Studies of plasma/serum magnesium levels in psychiatric patients have been mixed. In one study, plasma magnesium levels were significantly lower than controls and increased as patients showed clinical improvement. (Frizel D. 1969) Three other studies reported lower plasma levels than controls (Zieba A. 2000) (Kirov GK. 1990) (Frizel D. 1969), one study reported no differences (Manser WW. 1989) and three others found higher levels of plasma or serum magnesium in non-medicated depressed patients. (Widmer J. 1992) (Cade JF. 1964) (Hasey GM. 1993) Only 1% of magnesium in the human body is present in extracellular fluids (e.g. plasma/serum), making plasma/serum magnesium levels an unreliable marker for magnesium status. (Mann. 2000) A group of researchers examining plasma magnesium levels in psychiatric patients found no correlation between low plasma magnesium and increased anxiety levels. (Kirov GK. 1994) However 22.4% and 10.4% of patients had levels below and above the laboratory reference range respectively. There was a strong tendency for more disturbed and excitable patients to fall into either the abnormally low or high groups, suggesting a possible significance of impaired magnesium homeostasis.

Two studies found patients with major depression and affective disorders, respectively, showed no significant differences in RBC magnesium levels as compared to healthy controls. (Kamei K. 1998) (Ramsey TA. 1979) Another study reported 45 depressed patients had lower RBC magnesium levels than 31 controls (Rybakowski J. 1989), while another found higher levels of RBC magnesium in non-medicated depressed patients. (Widmer J. 1992) A study of more than 200 patients with depression and/or chronic pain documented 75% had below normal magnesium levels in white blood cells. (Shealy CN. 1990)

Cerebrospinal fluid (CSF) levels of magnesium were found to be lower in patients with major depression (n = 16) and adjustment disorder (n = 10), as compared with controls. (Banki CM. 1985) This research group also found that it was the psychiatric patients with a history of suicide attempts which had low CSF magnesium levels, pulling down the group average. Differences between depressed patients with no history of suicide attempts and healthy controls were insignificant. Another study by this same research group of 275 drug-free psychiatric patients confirmed both of these findings. (Banki CM. 1986) Levine and colleagues found an elevated Ca/Mg ratio in the CSF of depressed patients. (Levine J. 1999)

Zinc.

Psychiatric manifestations of zinc deficiency include behavioural disturbances, depression and mental confusion. (Mann. 2000) Within major depression populations, lower zinc levels correlate with higher depression severity. (Maes M. 1994)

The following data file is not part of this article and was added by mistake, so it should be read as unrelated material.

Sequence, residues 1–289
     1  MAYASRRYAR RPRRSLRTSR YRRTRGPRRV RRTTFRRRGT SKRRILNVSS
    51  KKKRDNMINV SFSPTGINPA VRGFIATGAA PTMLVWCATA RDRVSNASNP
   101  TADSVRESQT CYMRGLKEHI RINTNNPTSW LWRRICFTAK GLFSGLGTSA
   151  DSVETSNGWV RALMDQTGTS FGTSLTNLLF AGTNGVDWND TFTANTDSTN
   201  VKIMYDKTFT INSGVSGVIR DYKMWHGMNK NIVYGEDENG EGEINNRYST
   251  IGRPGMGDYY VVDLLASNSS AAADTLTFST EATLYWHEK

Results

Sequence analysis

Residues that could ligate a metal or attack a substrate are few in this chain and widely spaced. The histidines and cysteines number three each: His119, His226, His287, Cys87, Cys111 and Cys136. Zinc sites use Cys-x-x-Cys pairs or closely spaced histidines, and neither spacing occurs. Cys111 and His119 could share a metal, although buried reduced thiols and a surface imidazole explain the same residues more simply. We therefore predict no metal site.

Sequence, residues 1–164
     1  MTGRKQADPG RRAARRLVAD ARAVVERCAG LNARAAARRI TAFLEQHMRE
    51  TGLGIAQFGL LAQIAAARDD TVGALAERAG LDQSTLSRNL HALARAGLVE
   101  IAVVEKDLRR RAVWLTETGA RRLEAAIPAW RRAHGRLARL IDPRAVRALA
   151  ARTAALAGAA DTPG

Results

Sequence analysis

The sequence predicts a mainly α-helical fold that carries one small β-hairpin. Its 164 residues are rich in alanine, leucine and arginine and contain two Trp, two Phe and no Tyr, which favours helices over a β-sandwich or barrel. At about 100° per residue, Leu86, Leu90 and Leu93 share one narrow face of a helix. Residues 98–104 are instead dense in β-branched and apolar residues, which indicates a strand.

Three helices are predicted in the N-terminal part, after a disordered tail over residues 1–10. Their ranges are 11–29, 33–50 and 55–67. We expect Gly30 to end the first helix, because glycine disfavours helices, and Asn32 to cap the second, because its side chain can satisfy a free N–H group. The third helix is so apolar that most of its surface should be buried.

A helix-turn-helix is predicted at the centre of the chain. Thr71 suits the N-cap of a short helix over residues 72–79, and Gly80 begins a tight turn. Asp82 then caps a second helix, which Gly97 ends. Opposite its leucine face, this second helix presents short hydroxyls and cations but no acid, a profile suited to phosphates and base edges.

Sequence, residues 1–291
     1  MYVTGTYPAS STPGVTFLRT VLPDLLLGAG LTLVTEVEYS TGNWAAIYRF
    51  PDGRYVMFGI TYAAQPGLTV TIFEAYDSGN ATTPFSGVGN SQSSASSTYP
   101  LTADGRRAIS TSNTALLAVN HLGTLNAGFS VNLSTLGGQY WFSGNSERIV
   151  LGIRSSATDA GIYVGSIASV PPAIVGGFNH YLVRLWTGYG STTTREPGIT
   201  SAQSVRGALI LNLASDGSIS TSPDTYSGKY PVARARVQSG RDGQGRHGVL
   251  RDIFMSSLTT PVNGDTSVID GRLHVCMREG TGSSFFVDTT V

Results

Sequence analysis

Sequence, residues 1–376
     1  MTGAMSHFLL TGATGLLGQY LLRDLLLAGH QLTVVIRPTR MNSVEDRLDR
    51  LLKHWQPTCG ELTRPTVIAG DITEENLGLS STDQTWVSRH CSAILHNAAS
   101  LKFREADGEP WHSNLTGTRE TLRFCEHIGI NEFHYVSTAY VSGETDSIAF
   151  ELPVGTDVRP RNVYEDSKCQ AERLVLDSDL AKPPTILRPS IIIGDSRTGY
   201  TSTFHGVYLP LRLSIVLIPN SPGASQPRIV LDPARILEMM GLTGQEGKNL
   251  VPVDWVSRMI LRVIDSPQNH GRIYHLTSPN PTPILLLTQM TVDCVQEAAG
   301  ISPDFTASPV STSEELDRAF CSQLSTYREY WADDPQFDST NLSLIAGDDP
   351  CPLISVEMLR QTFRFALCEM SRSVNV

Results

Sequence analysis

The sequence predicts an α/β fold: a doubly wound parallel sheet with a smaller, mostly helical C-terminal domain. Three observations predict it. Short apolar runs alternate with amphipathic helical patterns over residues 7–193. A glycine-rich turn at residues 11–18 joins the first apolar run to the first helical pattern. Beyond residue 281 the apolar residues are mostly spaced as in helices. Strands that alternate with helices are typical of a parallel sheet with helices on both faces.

Zinc plays a role in catalysing, and/or is an active constituent of, over 150 enzymes in humans. (Mann. 2000) Zinc is involved in such functions as antioxidant defence, gene expression, nerve impulse transmission, thyroid function, digestion and a large array of other functions. Zinc is found in high concentrations in hippocampal and cortical neurons. (Nowak G. 1998) Zinc is also an inducer of brain derived neurotrophic factor (Nowak G. 2005), is an antagonist of the NMDA-receptor (Nowak G. 2005 & 2001) and is required for GABA metabolism. (Nowak G. 1998) Zinc deficiency causes biological membranes to be more prone to oxidative damage and impaired function. (O'Dell BL. 2000) In one study of six young men, experimentally induced zinc deficiency was shown to reduce basal metabolic rate ~9% and also significantly reduced protein utilization. (Wada L. 1986)

Three consecutive studies by Maes and colleagues found serum zinc levels were significantly lower in depressed patients as compared to healthy matched controls. (Maes M. 1994, 1997 & 1999) Lower serum zinc was associated with higher past treatment resistance. (Maes M. 1997) In a group of 30 patients with mood disorders, 7/30 had a clear zinc deficiency. (Little KY. 1989) 14 patients with primary affective disorder were found on admission to hospital to have lower plasma zinc levels than 14 controls. (McLoughlin IJ. 1990) Another study reported slightly lower plasma zinc levels in depressed patients, although this did not reach statistical significance. (Narang RL. 1991)

Nowak and colleagues investigated zinc concentrations of 10 suicide victims compared to 10 age-matched controls. (Nowak G. 2003) Hippocampal or cortical tissue showed no differences in zinc content between groups although there was a 26% decrease in the inhibition by zinc of [(3)H]MK-801 binding to NMDA receptors in hippocampal tissue, but not in cortical tissue.

Blake Graham, BSc (Honours), AACNEM
Clinical Nutritionist
Perth, Western Australia
Phone/Email: See Contact page
*Non-Perth residents may enquire about phone consultations.

References: